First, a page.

Tattha; 2 Definition(s)


Tattha means something in Buddhism, Pali. If you want to know the exact meaning, history, etymology or English translation of this term then check out the descriptions on this page. Add your comment or reference to a book if you want to contribute to this summary article.

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Tattha in Pali glossary... « previous · [T] · next »

tattha : (adv.) there; in that place.

Source: BuddhaSasana: Concise Pali-English Dictionary

Tattha, (Sk. tatra adv. of place, cp. Goth. papro & also Sk. atra, yatra) A. 1. of place: (a) place where= there, in that place Sn. 1071, 1085; Dh. 58; J. I, 278; Pv. I, 1015; often with eva: tatth’eva right there, on the (very same) spot S. I, 116; J. II, 154; PvA. 27. In this sense as introduction to a comment on a passage: in this, here, in this connection (see also tatra) Dhs. 584; DhA. I, 21; PvA. 7, etc. (b) direction: there, to this place J. II, 159 (gantvā); VI, 368; PvA. 16 (tatthagamanasīla able to go here & there, i.e. wherever you like, of a Yakkha).—2. as (Loc.) case of pron. base ta°= in this, for or about that, etc. Sn. 1115 (etam abhiññāya tato tattha vipassati: SnA tatra); tattha yo maṅku hoti Dh. 249 (=tasmiṃ dāne m. DhA. III, 359); tattha kā paridevanā Pv. I, 123 (“why sorrow for this?”).—3. of time: then, for the time being, interim (=ettha, cp. tattaka2) in phrase tattha-parinibbāyin, where corresp. phrases have antarā-parinibbāyin (A. II, 238 e.g. ≈I. 134; see under parinibbāyin) D. I, 156; A. I, 232; II, 5; IV, 12; S. V, 357; M. II, 52, etc. The meaning of this phrase may however be taken in the sense of tatra A 3 (see next).—B. Repeated: tattha tattha here and there, in various places, all over; also corresponding with yattha yattha wherever ... there It. 115; Nett 96 (°gāmini-paṭipadā); VvA. 297; PvA. 1, 2, 33, 77, etc.—See tatra. (Page 295)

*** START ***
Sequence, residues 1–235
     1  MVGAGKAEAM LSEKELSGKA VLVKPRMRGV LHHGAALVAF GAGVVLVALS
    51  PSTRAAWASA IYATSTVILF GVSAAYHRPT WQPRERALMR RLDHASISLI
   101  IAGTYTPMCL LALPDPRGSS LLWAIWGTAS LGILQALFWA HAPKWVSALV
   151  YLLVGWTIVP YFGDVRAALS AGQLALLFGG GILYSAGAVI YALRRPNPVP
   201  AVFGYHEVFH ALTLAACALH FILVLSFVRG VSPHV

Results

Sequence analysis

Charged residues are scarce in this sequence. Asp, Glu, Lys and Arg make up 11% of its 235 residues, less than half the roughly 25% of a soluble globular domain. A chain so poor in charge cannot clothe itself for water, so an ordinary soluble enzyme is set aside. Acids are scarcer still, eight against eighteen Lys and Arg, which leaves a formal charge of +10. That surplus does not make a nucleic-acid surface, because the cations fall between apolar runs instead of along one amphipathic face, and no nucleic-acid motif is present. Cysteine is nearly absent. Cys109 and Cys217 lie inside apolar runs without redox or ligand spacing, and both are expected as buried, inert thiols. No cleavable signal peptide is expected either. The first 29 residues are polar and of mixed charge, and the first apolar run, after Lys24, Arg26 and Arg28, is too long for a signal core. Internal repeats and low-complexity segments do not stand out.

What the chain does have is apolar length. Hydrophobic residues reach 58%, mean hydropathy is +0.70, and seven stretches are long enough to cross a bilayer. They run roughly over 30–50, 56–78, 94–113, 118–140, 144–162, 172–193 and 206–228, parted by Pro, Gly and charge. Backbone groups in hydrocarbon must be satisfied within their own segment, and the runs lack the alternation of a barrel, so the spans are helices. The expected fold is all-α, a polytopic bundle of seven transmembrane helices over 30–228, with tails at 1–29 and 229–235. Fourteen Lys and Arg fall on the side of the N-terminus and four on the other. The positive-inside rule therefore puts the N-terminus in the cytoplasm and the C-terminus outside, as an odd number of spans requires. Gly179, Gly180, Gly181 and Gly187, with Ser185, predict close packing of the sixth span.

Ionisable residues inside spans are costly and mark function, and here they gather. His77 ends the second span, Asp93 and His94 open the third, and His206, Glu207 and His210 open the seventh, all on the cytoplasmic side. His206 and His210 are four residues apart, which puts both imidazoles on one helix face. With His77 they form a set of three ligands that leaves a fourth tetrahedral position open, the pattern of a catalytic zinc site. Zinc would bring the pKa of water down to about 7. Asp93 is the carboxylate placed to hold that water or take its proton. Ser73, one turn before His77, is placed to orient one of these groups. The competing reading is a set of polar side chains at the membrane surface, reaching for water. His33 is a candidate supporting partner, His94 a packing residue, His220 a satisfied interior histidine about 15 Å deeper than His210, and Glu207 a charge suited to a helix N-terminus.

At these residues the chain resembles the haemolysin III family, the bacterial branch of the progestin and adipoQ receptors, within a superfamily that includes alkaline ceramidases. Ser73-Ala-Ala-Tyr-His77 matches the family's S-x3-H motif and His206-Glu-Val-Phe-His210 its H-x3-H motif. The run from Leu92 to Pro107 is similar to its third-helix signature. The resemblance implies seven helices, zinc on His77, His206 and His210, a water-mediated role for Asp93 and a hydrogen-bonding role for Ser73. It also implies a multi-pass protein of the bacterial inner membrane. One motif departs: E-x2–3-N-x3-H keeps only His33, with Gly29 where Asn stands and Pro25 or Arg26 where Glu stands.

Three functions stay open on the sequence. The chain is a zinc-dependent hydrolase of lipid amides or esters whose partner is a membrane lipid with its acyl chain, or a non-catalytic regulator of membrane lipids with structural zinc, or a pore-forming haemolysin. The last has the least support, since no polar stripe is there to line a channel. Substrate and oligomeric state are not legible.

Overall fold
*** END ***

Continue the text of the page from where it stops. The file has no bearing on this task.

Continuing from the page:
Source: Sutta: The Pali Text Society's Pali-English Dictionary
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context information

Pali is the language of the Tipiṭaka, which is the sacred canon of Theravāda Buddhism and contains much of the Buddha’s speech. Closeley related to Sanskrit, both languages are used interchangeably between religions.

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